Updated: Sep 3
This past Sunday, I preached my last sermon as the pastor of First Presbyterian Church of Arlington Heights. I have made the decision that I’m not only leaving my post as head of staff, but I’m going to be leaving the pastorate all together. I no longer have a desire to serve as a pastor in the church. In my sermon, I told my congregation that I was exhausted from writing, memorizing and preaching sermons week after week for 10 years, which is true. However, there are other reasons why I'm leaving that I didn't have time to discuss in my sermon and I want to utilize this article to do a deep dive into how I came to my decision.
The Great Pastor Resignation
I have become part of what is known as the Great Pastor Resignation that came in the wake of the pandemic. Barna did a national survey of pastors and, as of March 2022, 42% of pastors considered quitting. The reasons for this are myriad, but the top five reasons given are as follows:
The immense stress of the job: 56%
I feel lonely and isolated: 43%
Current political divisions: 38%
I am unhappy with the effect this role has had on my family: 29%
I am not optimistic about the future of my church: 29%
I can relate to all of these, but in particular, the top two are the ones that figured heavily into my decision. Being a pastor is like being a parent. You can imagine what it’s like to have a child, but until you are in the role, you cannot fully appreciate what it’s like to shoulder the responsibility of caring for a life 24/7. The same is true for being a pastor. You think you know what to expect, but the lived experience is very different from your imaginings of what it will be.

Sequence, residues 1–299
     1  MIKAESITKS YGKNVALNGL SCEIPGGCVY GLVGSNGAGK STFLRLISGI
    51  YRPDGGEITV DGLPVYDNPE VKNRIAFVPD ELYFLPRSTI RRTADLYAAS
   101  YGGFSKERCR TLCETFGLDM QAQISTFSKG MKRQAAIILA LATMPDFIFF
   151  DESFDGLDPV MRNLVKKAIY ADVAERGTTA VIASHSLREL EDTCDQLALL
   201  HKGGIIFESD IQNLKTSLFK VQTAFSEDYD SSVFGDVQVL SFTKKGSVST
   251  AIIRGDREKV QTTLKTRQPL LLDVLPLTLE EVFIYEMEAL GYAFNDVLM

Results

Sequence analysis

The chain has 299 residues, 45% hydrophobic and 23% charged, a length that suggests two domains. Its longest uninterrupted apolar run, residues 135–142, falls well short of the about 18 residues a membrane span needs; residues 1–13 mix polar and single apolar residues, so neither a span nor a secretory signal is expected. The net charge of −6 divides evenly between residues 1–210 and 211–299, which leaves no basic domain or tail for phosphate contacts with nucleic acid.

If I was to articulate my perspective on the contrast between the two, what you don’t realize is how enmeshed you will become in other people’s lives. As a pastor, you are there for all the peaks and the valleys. You are there to celebrate the weddings and the births. You are also there for the sicknesses, tragedies and deaths. I don’t think anyone becomes a pastor not knowing this is what you are signing up for. However, the reality of what this does to you mentally and emotionally is taxing over the long haul.
As an example, for most of my tenure at First Pres, we had around 1000 members. Of those 1000, only about 50 percent would attend on a regular basis. Out of those 500, I really got to know about 300 people beyond name recognition. What this means is I know their stories, their history, the intimate details of their lives. Sometimes this happened because they were in crisis. Sometimes I learned these things while performing functions for them like funerals, weddings and baptisms. Sometimes this happened because we became friends.
Irrespective of how I learned their story, I carry that history wherever I go. Whenever I see them, they know that I know intimate details about their lives; details that are rarely shared with others. Since I see these people most every week, that personal information is always at the top of my mind because I will often ask how they are doing. I want to know if they are struggling or making progress. I want to know if I can offer resources to help.
What you don’t realize is that, over time, the accumulation of all that knowledge starts to weigh you down. Your mind is a repository for all sorts of secrets and, if you’re human, you feel sympathy and empathy for their suffering. Therefore, beyond just keeping track of all that information, you’re aware of the deep hardships and challenges that your congregants cope with day-to-day. Moreover, they look to you for guidance and hope.